This paper presents an assessment of the energy savings and economic impact for New Mexico to adopt the 2000 International Energy Conservation Code. As of the writing of this report, the state of New Mexico bases its commercial building energy code on the 1986 Model Energy Code, which in turn references ASHRAE Standard 90a-1980 for the commercial building portion of the energy code.

Document type: State-specific
Publication Date: July 2013
Focus: Adoption

This letter certifies New Mexico's compliance with the Energy Conservation and Production Act of 1976 (ECPA), as amended . The State of New Mexico has adopted the New Mexico Energy Conservation Code, which references the 2009 version of the International Energy Conservation Code with amendments for residential buildings as well as ASHRAE Standard 90.1-2007 for commercial buildings.

Document type: State-specific, Technical Assistance report
Publication Date: August 2007
Focus: Adoption

At the request of the New York State Energy Research and Development Authority and New York State Department of State, the U.S. Department of Energy's Building Energy Codes Program undertook an analysis of the energy savings and cost impacts associated with the proposed adoption of ASHRAE Standard 90.1-2004, and compared it with the requirements based on ASHRAE Standards 90.1-1999 and 90.1-2001.

Document type: State-specific, Technical Assistance report
Publication Date: April 2004
Focus: Adoption

The state of New York asked the U.S. Department of Energy to evaluate the cost-effectiveness of the requirement for heat recovery for service water heating that exists in the 2003 International Energy Conservation Code to determine whether this requirement should be adopted into the New York State Energy code.

Document type: State-specific, Technical Assistance report
Publication Date: September 2004
Focus: Adoption

The New York State Department of State requested the U.S. Department of Energy (DOE) compare the effects on energy usage as a result of implementation of the 2004 Supplement to the International Energy Conservation Code with the current New York code. The comparison had to determine whether additional costs of compliance with the proposal would be equal to or less than the present value of anticipated energy cost savings over a 10-year period. Under DOE's direction, Pacific Northwest National Laboratory completed the requested assessment of the potential code upgrade.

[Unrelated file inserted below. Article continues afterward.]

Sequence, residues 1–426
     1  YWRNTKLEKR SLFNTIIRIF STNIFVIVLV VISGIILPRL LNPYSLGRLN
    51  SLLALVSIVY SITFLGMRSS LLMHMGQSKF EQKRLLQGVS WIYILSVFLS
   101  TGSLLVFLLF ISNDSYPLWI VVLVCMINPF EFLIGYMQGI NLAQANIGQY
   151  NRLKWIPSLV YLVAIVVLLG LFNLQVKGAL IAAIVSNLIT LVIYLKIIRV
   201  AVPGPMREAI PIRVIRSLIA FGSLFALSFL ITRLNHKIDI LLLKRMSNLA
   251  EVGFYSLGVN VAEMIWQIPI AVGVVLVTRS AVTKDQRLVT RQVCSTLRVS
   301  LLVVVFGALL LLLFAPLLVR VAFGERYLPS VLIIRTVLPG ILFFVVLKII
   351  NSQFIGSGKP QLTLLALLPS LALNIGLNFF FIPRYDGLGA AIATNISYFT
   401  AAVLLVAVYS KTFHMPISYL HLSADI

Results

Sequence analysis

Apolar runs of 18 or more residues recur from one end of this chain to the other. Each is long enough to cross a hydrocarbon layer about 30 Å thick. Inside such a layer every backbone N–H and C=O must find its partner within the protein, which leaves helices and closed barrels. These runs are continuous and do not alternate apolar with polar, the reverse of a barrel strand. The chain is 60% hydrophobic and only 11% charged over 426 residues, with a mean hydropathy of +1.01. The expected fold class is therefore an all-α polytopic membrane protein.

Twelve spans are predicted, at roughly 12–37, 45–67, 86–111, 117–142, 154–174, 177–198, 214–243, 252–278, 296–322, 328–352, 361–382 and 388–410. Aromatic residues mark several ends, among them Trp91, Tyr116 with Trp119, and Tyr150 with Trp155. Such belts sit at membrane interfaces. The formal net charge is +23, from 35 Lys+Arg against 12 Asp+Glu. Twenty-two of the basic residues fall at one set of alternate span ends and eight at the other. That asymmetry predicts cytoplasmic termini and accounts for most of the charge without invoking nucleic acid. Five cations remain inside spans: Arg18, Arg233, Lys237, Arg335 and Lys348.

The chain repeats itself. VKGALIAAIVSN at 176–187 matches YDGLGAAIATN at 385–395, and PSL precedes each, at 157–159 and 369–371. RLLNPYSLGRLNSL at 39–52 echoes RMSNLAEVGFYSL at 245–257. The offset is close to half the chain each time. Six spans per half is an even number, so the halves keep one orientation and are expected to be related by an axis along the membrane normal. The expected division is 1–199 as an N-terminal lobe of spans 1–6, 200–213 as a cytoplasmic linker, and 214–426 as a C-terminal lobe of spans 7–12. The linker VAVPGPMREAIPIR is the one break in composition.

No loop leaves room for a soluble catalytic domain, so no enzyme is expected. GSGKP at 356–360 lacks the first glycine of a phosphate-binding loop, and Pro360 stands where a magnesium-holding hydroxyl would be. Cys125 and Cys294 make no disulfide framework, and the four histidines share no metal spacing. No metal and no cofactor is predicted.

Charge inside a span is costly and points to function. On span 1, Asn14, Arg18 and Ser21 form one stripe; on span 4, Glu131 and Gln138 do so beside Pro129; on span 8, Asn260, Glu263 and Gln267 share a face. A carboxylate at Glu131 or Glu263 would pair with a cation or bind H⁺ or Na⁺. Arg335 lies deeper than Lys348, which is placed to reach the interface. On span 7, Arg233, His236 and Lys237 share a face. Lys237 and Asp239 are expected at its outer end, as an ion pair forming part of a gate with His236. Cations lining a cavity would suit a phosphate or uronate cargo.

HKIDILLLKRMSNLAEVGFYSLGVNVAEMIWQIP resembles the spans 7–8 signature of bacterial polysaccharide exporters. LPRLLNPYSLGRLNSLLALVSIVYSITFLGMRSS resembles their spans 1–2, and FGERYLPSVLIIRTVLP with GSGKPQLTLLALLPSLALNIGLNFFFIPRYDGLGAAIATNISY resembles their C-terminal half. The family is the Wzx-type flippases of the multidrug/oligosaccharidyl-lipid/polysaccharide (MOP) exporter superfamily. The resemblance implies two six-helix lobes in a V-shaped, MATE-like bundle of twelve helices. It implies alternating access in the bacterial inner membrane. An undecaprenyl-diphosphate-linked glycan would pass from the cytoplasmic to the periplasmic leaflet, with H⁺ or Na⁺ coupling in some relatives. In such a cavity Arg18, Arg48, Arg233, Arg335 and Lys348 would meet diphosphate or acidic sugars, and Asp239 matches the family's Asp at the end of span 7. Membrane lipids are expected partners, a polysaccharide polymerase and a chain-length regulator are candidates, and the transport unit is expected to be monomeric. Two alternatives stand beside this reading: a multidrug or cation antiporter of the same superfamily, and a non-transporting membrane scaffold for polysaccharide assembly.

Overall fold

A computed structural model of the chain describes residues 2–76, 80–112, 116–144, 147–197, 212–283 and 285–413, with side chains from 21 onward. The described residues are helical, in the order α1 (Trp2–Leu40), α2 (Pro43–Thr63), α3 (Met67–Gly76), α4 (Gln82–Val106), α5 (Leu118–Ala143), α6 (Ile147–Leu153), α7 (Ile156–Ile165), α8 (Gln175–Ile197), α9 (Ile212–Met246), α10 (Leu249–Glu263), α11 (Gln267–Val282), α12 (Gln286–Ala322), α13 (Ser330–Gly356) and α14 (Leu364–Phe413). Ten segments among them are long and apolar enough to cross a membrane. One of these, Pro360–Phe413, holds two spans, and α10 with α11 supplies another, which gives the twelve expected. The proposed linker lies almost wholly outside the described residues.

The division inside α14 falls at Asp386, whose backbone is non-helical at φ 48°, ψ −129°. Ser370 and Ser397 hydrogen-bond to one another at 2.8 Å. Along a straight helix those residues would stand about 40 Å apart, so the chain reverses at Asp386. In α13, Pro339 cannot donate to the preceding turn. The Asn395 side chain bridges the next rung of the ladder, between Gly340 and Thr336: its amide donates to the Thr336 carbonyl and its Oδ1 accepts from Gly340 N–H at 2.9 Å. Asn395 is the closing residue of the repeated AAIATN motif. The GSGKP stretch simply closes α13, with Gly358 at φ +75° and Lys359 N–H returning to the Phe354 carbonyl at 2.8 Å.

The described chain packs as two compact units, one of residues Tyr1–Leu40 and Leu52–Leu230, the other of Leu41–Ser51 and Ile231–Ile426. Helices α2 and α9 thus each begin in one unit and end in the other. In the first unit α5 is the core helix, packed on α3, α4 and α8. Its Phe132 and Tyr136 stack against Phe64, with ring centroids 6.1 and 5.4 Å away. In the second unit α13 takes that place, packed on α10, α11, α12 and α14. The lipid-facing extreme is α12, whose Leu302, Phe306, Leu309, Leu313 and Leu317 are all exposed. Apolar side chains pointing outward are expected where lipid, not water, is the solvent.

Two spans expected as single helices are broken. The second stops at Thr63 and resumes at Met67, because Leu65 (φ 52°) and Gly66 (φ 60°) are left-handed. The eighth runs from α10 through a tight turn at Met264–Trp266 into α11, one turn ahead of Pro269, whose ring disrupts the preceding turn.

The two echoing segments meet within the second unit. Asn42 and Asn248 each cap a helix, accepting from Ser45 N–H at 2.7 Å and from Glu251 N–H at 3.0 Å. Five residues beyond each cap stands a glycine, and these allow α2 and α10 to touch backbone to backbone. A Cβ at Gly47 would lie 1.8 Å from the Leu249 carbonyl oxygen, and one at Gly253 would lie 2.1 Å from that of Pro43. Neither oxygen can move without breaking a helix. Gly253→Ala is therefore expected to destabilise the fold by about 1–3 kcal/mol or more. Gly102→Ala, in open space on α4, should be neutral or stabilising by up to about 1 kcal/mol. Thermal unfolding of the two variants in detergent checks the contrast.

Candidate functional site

Document type: State-specific, Technical Assistance report
Publication Date: June 2009
Focus: Adoption

The state of New York requested that the U.S. Department of Energy's (DOE's) Building Energy Codes Program (BECP) provide an analysis of the impacts of adoption of ASHRAE Standard 90.1-2007. New York State is unique among states in requiring a ten-year payback for energy code measures. BECP based this analysis on the results of a nationwide, state-by-state code comparison for DOE. This analysis indicates that the adoption of ASHRAE Standard 90.1-2007 is cost-effective under New York’s requirements for all buildings in New York.

Document type: State-specific, Technical Assistance report
Publication Date: June 2004
Focus: Adoption

The state of New York asked the U.S. Department of Energy to analyze the potential energy effect and cost-effectiveness of the lighting requirements in the 2003 International Energy Conservation Code as they consider adoption of this energy code. The new provisions of interest in the lighting section of the 2003 IECC include new lighting power densities and requirements for automatic lighting shutoff controls.

Document type: State-specific
Publication Date: July 2013
Focus: Adoption

In compliance with Title III of the Energy Conservation and Production Act (ECPA) of 1976, as amended, this is to certify that the State of New York has adopted the 2010 edition of the Energy Conservation Construction Code of New York State (the "2010 ECCCNYS") as New York State's building energy code for residential buildings and non-residential (commercial) buildings.

With regard to residential buildings, the 2010 ECCCNYS is based on, and is equivalent to or more stringent than, the 2009 version of the International Energy Conservation Code.

With regard to commercial buildings, the 2010 ECCCNYS is equivalent to or more stringent than ASHRAE 90.1-2007.

Document type: Reports and Studies, State-specific
Publication Date: March 2000
Focus: Adoption